When jets go dark: identifying elusive "dark jets" at ATLAS

6 September 2023 | By

When protons smash together in the Large Hadron Collider, they often produce sprays of particles known as “jets”. These jets are created through interactions of the strong force, or quantum chromodynamics (QCD). But what if some of these jets are actually created by a hidden, “dark QCD” force? Detecting these so-called "dark jets" in ATLAS would provide evidence of this new force.

Figure 1: Resonant dark-jet pair production through a Z’ boson that connects particles from the Standard Model with particles from the dark sector. (Image: ATLAS Collaboration/CERN)

This idea – of a new, hidden force that can’t be felt by Standard-Model particles – is particularly intriguing for physicists looking to understand dark matter. Dark matter plays a pivotal role in the Universe's composition and dynamics, and dark QCD could be responsible for dark-matter-candidate particles.

For the very first time, the ATLAS Collaboration has searched for dark jets that closely resemble QCD jets. Instead of originating from Standard-Model particles, these dark jets would be produced through a new, heavy particle called the Z' boson (see Figure 1). As the Z’ boson decays, it sparks the creation of two dark jets filled with composite and invisible particles known as "dark mesons". These dark mesons subsequently decay into visible, Standard-Model particles – resulting in jet-like signal in the ATLAS detector.

Sprays of particles could be created by a new "dark" force. Such "dark jets" may strongly resemble those created by Standard-Model particles.

The nature of this signal depends on the behaviour of the dark mesons. If the dark mesons live briefly before decaying, the jets will begin further away from the main interaction point (an "emerging jet"). If some of the dark mesons are stable and escape the detector without leaving a trace, the jets will be "semi-visible". However, if the dark mesons decay rapidly into Standard-Model particles, distinguishing dark jets from QCD jets gets tricky. Luckily, these dark jets will have some distinct features: they will be wider and contain many more charged particles than their Standard-Model counterparts.

To search for such signatures, ATLAS researchers looked for a localised excess above a smooth Standard-Model background in the invariant mass distribution of two jets. A dark-jet signal would result in a characteristic peak in this distribution around the mass of the Z’ boson. To increase the signal-to-background ratio, physicists selected jets based on their comparatively high charged-particle multiplicity (see Figure 2). Researchers used a new discriminating variable to dissociate the jet charged-particle multiplicity from the di-jet invariant mass. This variable helped them select dark jets with high efficiency, without changing the shape of the dijet invariant mass distribution.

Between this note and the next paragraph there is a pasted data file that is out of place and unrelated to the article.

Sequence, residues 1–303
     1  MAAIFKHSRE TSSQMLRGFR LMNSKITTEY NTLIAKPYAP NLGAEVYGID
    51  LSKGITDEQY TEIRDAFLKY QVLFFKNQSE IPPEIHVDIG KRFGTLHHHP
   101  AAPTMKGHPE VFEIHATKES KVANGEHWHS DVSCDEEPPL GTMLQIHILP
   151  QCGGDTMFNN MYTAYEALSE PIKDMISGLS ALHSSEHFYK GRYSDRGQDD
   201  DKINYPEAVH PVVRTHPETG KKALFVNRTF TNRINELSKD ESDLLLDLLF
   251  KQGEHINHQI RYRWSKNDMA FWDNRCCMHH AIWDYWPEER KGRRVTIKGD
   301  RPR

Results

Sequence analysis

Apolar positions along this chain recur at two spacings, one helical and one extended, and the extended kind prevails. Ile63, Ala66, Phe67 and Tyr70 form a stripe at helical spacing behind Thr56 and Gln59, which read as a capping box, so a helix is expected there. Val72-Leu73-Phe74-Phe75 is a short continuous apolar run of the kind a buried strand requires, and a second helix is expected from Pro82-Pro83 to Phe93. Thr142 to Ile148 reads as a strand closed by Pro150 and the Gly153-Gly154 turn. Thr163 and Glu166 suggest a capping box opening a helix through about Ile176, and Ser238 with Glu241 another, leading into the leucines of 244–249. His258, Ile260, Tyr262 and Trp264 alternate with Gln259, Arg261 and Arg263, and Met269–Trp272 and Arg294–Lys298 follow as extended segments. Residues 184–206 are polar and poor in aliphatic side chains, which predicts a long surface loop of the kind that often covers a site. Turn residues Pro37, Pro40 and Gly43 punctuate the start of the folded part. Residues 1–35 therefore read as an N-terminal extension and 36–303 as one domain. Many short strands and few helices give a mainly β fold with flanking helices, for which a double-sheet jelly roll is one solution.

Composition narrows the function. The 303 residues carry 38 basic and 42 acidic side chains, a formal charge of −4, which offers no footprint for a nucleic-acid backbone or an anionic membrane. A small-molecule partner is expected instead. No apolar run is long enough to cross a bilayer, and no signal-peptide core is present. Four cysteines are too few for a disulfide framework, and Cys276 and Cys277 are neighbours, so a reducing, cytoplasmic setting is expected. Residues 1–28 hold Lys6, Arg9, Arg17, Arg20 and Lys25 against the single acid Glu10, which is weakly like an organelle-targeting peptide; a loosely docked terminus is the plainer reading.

Figure 2: Distributions of the number of charged particles associated to the subleading jet (x-axis) for the data, the simulated multi-jet background and of some representative signals. All distributions are normalised to unity. (Image: ATLAS Collaboration/CERN)
Figure 3: Observed and expected limits on the cross-section times branching ratio for the production of dark quarks through a Z’ boson as a function of the Z’ mass. The predicted cross-section times branching ratio for one particular theoretical model is also shown as the red line. (Image: ATLAS Collaboration/CERN)

After accounting for Standard-Model background processes and comparing them to the full ATLAS Run-2 dataset (139 fb-1), researchers found no hint of the Z’ boson. This novel search sets the first limits on QCD-like dark-jet production, complementing other analyses to cover more ground in terms of dark-QCD parameters. Figure 3 shows the constraints on the maximum rate of production and subsequent decay of the Z’ boson at the 95% confidence level for one of the benchmark models studied. As no significant excess was observed, scientists excluded masses of the Z' boson for several dark-QCD models and, in the model presented in Figure 3, Z' boson masses were excluded up to around 3 TeV.

This analysis paves the way for further searches for dark QCD using information about the substructure of jets. As more advanced and effective dark-jet tagging techniques become available, the reach of these searches will be further improved.

About the event display: Candidate event display of the resonant production of two large-radius dark jets (white cones). The event has a di-jet invariant mass of 4.82 TeV, which is the highest found in data in the analysis signal region. (Image: ATLAS Collaboration/CERN)

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